Diaz said the bloodbath — which turns 35 on Monday — rode the line between suicide and murder. “I think more of them decided to take their lives,” she said. “[But] I know a lot of people did not want to die.”
I never really liked the expression “drink the Kool-Aid” before I interviewed Diaz. After I wrote the story, though, I despised it. Sadly, others have had to learn the hard way.
“[South Bend] restaurant [Hacienda] erected billboards … including the statement, ‘We’re like a cult with better Kool-Aid,’ over a glass containing a mixed drink, as well as the phrase, ‘To die for!’” read a Feb. 21, 2011 Associated Press story. “[Hacienda] … apologized [and said the] billboards would be taken down.”
Unsurprisingly, Diaz wasn’t fond of the turn of phrase. “Oh, I hate it,” she said. “... It’s not even funny to joke about stuff like that.” Besides being insensitive, it’s incorrect: It was Flavor Aid, not Kool-Aid. Someone as greedy and sadistic as Jones would never serve his flock anything name brand.
The Flavor Aid vs. Kool-Aid divide is also an appropriate metaphor for Jones himself. Jones presented himself as a name-brand, progressive community leader, when in reality he was a devious user who drained anyone unfortunate enough to come under his influence of everything they loved.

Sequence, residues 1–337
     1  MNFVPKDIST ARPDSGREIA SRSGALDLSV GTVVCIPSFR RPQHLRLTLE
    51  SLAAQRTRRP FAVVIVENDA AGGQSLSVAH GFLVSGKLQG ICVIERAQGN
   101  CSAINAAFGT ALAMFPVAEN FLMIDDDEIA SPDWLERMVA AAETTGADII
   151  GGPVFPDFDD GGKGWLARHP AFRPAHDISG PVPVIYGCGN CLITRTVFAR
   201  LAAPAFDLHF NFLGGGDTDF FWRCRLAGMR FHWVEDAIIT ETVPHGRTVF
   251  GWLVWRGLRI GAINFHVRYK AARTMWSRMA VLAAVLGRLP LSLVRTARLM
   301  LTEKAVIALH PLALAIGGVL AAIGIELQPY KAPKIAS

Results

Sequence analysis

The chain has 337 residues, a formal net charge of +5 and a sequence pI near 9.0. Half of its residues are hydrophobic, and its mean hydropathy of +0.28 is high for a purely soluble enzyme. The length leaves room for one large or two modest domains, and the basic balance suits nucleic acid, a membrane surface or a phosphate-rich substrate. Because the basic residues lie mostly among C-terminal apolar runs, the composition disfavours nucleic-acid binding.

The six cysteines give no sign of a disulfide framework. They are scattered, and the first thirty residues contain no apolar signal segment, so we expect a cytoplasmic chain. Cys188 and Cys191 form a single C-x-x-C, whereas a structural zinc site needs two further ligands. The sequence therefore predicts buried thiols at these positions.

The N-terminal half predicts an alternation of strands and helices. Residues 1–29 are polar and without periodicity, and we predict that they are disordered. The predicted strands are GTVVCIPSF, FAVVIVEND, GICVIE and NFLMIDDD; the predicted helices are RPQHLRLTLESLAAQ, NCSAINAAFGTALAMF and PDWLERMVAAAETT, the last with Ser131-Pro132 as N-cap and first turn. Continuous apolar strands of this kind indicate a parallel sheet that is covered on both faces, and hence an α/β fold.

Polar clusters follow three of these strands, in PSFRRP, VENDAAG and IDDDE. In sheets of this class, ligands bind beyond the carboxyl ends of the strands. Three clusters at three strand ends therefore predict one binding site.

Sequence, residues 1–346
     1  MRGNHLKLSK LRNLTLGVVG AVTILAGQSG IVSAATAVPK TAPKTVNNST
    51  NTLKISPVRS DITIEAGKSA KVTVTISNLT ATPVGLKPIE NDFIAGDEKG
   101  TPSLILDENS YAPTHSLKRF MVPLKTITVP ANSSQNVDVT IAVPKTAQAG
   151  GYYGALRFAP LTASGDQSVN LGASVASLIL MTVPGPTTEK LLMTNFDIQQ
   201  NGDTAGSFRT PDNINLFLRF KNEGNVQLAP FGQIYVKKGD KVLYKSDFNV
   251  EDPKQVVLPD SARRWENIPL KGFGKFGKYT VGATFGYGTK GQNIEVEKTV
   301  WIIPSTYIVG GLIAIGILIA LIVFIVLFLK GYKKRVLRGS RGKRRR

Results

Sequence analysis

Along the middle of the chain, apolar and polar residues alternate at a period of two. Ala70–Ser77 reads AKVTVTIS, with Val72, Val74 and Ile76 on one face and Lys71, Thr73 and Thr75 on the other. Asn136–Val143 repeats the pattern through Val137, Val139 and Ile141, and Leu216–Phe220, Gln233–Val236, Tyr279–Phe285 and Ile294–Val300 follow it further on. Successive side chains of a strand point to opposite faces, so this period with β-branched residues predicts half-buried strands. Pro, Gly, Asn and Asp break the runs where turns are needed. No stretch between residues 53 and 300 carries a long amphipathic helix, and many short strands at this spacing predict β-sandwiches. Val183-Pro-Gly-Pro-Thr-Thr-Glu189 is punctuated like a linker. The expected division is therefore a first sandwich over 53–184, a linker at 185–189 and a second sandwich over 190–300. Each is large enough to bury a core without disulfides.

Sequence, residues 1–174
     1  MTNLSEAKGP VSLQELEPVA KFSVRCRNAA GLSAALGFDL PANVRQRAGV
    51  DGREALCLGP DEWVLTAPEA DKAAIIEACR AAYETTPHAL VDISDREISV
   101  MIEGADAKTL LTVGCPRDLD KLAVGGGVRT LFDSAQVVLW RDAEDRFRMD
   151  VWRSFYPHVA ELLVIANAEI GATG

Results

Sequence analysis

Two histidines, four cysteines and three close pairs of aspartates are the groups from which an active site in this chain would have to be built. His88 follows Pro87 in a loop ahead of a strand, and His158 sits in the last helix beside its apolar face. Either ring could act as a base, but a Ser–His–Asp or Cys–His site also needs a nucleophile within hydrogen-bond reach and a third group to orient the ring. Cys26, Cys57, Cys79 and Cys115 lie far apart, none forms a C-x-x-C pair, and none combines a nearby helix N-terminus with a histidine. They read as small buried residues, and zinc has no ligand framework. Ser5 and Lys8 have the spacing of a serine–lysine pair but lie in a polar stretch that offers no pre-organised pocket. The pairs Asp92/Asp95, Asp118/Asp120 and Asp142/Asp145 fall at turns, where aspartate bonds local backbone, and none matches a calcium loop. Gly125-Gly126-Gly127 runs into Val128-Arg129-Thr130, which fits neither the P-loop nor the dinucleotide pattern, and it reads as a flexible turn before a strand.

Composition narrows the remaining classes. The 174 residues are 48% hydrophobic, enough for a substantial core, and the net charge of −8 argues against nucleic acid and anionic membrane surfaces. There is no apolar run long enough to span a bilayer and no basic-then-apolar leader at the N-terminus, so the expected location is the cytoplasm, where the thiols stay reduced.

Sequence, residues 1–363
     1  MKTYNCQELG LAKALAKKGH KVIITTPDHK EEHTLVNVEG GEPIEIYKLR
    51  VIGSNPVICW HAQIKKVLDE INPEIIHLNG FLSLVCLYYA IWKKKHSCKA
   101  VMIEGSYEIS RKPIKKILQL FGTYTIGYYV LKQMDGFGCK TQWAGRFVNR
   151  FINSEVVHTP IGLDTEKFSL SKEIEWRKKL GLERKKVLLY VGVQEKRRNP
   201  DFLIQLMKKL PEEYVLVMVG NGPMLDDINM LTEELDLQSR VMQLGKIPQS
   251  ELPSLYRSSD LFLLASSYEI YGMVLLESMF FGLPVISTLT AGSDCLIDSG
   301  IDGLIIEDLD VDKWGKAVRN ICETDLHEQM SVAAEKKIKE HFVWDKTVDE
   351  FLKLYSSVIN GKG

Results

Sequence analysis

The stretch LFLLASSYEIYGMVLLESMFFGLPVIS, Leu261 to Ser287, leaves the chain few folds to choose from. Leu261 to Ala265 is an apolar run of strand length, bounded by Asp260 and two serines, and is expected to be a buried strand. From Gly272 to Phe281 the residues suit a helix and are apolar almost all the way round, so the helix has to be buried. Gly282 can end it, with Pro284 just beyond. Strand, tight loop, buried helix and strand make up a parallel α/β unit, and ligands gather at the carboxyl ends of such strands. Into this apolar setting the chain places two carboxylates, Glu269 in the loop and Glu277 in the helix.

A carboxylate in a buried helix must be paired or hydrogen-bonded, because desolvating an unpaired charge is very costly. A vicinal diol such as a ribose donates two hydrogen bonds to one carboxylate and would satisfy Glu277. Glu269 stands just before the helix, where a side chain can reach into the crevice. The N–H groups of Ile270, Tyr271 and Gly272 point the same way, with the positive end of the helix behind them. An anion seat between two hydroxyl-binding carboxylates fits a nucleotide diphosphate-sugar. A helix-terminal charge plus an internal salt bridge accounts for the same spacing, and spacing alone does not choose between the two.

He fooled so many people: San Francisco Mayor George Moscone, then-Assemblyman Willie Brown and first Lady Rosalynn Carter, to name just a few.
An unfortunate July 8, 1968 advertisement in the Ukiah Daily Journal signed by several prominent community members declared their support for Jones. “We deplore the unseemly words and actions of a small segment of this community and we want you and your people to know that you are not only welcome in this valley but highly respected,” it read, in part.
I’m now convinced every time someone uses the cliché “drink the Kool-Aid,” Jones is laughing from beyond the grave somewhere, his ruse intact.
Rob Burgess, Tribune night editor, may be reached by calling 765-454-8577, via email at firstname.lastname@example.org or on Twitter at twitter.com/robaburg.